December 26, 2022 (KHARTOUM) – Sudanese political forces signatories of the framework declaration will launch next week the second phase of a process aiming to establish a transitional civilian government.
On December 5, the political forces and the military signed a framework agreement to end the military coup where they agreed that sticky issues -of justice, security reforms, review of the Juba peace agreement, eastern Sudan issue and dismantlement of the former regime- should be thoroughly discussed with the participation of the stakeholders.
A Spokesman of the Forces for Freedom and Change (FFC) Shihab al-Tayeb, told Sudan Tribune that the coalition drafted general ideas on three of the five issues, which they will discuss from the 3rd of January 2023.
“We have finished conceptualizing the issues of dismantling the structure of the former regime, the East crisis, and transitional justice,” said al-Tayeb.
He pointed out that a transitional justice conference will be held next week in conjunction with a workshop to dismantle the Islamist regime, on January 3.
He stated that the Dismantling and Empowerment Removal Committee, suspended by General Abdel Fattah al-Burhan after the coup of October 25, 2021, will present a working paper on its experience during the workshop.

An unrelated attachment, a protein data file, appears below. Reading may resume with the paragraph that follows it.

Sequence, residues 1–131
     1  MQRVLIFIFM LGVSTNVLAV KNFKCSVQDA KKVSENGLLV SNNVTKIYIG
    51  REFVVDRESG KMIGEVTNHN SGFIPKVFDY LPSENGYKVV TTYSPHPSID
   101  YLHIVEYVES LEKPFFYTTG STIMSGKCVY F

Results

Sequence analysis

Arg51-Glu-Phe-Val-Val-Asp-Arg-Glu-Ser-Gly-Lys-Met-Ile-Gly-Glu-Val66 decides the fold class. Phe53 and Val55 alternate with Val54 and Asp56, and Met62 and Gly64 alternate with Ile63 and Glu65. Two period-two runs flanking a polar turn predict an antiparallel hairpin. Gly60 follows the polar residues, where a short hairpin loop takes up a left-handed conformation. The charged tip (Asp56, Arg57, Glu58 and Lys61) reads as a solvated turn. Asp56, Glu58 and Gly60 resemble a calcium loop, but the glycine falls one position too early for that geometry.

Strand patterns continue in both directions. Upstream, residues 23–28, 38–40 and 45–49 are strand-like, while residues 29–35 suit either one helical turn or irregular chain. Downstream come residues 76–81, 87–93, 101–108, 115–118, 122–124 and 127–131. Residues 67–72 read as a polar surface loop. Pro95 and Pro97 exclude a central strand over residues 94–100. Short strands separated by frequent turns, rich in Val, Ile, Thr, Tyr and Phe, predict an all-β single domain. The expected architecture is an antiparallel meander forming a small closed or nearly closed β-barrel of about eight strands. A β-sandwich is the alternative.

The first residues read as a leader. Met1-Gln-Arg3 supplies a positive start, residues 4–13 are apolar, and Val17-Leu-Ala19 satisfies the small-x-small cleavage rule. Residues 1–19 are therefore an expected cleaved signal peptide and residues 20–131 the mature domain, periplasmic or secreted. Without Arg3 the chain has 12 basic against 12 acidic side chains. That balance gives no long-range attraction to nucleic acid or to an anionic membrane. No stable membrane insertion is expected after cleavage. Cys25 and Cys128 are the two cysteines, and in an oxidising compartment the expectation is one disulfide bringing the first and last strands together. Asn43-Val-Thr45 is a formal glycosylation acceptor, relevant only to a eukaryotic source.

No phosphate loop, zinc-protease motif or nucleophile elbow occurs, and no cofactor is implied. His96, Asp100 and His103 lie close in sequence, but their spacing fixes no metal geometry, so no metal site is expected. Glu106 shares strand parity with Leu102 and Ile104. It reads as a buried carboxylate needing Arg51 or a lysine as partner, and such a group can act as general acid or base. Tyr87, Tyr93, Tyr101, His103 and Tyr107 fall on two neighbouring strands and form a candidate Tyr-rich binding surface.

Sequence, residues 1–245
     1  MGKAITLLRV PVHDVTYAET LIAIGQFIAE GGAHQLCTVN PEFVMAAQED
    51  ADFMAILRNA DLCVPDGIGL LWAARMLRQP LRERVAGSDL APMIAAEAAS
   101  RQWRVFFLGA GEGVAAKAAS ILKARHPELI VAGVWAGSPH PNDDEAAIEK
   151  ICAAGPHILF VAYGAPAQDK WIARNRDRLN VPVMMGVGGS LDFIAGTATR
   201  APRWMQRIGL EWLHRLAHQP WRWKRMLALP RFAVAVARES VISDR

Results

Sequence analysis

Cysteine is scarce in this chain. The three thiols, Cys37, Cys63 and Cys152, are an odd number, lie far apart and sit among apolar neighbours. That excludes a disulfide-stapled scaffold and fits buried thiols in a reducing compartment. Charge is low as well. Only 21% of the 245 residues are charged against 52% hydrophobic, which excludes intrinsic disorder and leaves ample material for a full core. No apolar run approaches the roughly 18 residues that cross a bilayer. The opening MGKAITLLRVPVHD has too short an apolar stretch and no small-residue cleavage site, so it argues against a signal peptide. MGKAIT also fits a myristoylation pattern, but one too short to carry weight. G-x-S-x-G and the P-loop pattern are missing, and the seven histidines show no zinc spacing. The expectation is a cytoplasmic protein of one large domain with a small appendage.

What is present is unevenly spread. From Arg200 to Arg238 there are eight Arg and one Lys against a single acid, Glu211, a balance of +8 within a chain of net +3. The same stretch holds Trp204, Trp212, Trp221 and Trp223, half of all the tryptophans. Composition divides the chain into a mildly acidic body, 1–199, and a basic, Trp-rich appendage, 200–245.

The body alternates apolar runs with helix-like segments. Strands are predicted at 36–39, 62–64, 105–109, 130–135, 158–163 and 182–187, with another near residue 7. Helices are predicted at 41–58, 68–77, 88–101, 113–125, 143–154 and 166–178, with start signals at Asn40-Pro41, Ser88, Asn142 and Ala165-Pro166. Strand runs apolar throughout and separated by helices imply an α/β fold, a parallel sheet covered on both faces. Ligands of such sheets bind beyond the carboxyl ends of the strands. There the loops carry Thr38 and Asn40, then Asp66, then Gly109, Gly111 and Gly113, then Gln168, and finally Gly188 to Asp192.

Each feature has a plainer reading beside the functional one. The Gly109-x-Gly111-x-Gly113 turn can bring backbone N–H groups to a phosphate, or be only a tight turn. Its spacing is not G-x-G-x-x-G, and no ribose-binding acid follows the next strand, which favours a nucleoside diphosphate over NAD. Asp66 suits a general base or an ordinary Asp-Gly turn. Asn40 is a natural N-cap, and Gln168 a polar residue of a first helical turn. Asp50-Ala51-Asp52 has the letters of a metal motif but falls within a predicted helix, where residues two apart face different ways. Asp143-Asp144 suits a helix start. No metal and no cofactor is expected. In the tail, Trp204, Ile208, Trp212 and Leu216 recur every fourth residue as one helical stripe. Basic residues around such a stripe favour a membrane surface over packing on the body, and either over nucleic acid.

Al-Tayeb further said that FFC are in contact with the eastern Sudan leaders nowadays to develop their perceptions about the workshop.
The coalition held a meeting with eastern Sudan leaders but rejects a demand by the traditional leader Mohamed Terik to include him in the process saying he as a tribal leader cannot join the framework deal.
The FFC official pointed out that the review of the Juba peace agreement and the reform of the security and defence sector have not yet been fully finalized.
The holdout Justice and Equality Movement (JEM) and the Sudan Liberation Movement of Minni Minnawi call to open the framework for discussions as they want to participate in the civilian cabinet. Still, the signatories agreed that no political group would participate in the second transitional period.
On December 25, JEM reiterated its rejection to review the peace agreement saying such a process aims to “cancel the gains of war-affected regions”.